ExxonMobil and 11 other signatories will strive to reach near zero methane emissions from operated oil and gas assets by 2030.

This initiative builds upon ExxonMobil’s previously announced 2030 greenhouse gas (GHG) emission reduction plans, which include our expectation to cut company-wide methane emissions by 70% compared to 2016 levels, and achieve net-zero GHG (Scope 1 and 2) from our operations in the Permian Basin. Our plans are consistent with pathways aligned with the Paris Agreement.

ExxonMobil’s participation in OGCI’s initiative is just one way we’re aiming to reduce and ultimately eliminate venting, leaks and other sources of methane associated with oil and gas production. Experts agree that working to stop methane emissions is one of the most powerful ways to help address climate change.

Supporting methane regulations

That’s why we are working to help U.S. state and federal regulators design policies that will further enable reductions throughout our industry.

In February, ExxonMobil filed a comment letter with the U.S. Environmental Protection Agency in support of its proposed regulation of both new and existing sources of oil and gas industry methane emissions. We similarly support the framework for regulating methane being developed in the European Union.

ExxonMobil also supports the Global Methane Pledge, launched at COP26 by the United States and the European Union. More than 100 countries have signed up to help reduce global methane emissions by 30% by 2030, compared to 2020 levels.

Key methane collaborations

In addition to our work with OGCI, ExxonMobil collaborates with other groups aiming to reduce methane emissions.

We recently participated in the annual global roundtable of the Methane Guiding Principles, a multi-stakeholder partnership that ExxonMobil helped found in 2017.  As part of that effort, ExxonMobil is a primary sponsor of the International Energy Agency’s Methane Tracker, a web-based portal that provides data on global methane emissions, and published our own annual Methane Guiding Principles report, detailing the actions we undertook to address methane emissions.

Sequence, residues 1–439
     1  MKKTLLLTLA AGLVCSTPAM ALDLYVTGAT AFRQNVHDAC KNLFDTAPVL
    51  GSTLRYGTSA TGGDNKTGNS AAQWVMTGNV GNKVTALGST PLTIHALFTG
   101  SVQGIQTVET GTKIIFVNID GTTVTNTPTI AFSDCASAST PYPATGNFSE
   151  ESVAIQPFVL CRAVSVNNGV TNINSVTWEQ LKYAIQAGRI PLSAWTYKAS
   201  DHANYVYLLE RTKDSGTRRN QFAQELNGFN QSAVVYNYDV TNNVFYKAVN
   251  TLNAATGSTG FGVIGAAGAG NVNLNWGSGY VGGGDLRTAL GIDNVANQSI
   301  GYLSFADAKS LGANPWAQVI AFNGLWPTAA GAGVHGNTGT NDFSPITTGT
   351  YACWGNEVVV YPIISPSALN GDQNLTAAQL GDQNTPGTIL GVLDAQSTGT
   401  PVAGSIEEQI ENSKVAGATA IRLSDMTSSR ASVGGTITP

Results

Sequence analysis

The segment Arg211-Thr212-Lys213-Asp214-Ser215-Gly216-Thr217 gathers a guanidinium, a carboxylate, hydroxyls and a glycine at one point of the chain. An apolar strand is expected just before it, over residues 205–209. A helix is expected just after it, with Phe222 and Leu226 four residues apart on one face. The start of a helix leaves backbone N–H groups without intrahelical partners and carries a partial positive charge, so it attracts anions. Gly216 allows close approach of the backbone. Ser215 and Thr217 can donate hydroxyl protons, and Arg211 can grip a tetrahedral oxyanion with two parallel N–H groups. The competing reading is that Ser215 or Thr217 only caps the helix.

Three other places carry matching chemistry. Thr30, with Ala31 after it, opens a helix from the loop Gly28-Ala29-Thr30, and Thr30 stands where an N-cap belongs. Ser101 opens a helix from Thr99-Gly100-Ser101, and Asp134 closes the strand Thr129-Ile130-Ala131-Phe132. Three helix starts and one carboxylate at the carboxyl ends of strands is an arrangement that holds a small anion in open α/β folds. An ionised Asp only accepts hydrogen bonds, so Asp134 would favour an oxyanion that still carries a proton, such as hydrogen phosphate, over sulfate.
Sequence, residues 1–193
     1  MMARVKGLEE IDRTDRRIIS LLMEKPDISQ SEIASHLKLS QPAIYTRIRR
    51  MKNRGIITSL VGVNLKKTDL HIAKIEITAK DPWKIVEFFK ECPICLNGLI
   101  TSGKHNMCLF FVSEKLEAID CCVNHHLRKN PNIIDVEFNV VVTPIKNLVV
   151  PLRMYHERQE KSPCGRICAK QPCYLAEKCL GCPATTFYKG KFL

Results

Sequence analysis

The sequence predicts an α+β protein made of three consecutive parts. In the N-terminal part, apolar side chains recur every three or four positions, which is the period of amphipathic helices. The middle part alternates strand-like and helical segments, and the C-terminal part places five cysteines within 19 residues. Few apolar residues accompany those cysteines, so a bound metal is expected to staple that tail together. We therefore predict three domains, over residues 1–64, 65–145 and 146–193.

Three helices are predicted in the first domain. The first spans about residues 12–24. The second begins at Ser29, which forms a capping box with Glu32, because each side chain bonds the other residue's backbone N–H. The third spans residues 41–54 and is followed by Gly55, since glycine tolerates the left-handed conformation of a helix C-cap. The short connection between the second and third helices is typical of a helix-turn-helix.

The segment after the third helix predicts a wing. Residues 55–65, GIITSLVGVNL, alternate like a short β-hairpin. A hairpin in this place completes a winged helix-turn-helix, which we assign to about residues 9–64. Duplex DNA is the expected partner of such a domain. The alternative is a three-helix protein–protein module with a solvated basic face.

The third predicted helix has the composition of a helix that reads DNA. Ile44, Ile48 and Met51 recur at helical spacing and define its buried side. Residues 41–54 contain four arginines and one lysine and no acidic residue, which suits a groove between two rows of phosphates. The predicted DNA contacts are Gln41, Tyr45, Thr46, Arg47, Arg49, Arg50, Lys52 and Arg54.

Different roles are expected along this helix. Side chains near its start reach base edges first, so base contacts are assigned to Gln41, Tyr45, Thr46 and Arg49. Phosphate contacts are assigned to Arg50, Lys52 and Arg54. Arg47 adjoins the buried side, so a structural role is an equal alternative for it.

We plan to achieve additional emission reductions through actions that include further reducing flaring in our upstream operations to meet the World Bank Zero Routine Flaring Initiative. ExxonMobil has already made significant reductions in this area; from 2016 through 2020, we reduced global hydrocarbon flared volumes, on an operated basis, by approximately 40%.

More research, new technology

ExxonMobil also continues to develop and deploy technologies that can help industry reduce its methane emissions, collaborating with others on cutting-edge research and piloting new technologies in our own operations.

We are particularly excited about a newly announced collaboration with Scepter Inc. to detect methane and other GHG emissions around the world using advanced satellite technology combined with proprietary data-processing platforms. The collaboration could redefine methane detection and contribute to emission-reduction efforts across a dozen industries, including energy, agriculture, manufacturing and transportation. This is important because about three-quarters of man-made methane emissions come from sectors other than oil and gas, according to the Global Methane Budget.

ExxonMobil is committed to playing a leading role in the energy transition. Our aim to reduce our methane emissions to near zero by 2030 supports our larger ambition to achieve net-zero Scope 1 and 2 GHG emissions across our major operated assets by 2050.

Matt Kolesar is ExxonMobil’s Chief Environmental Scientist. 

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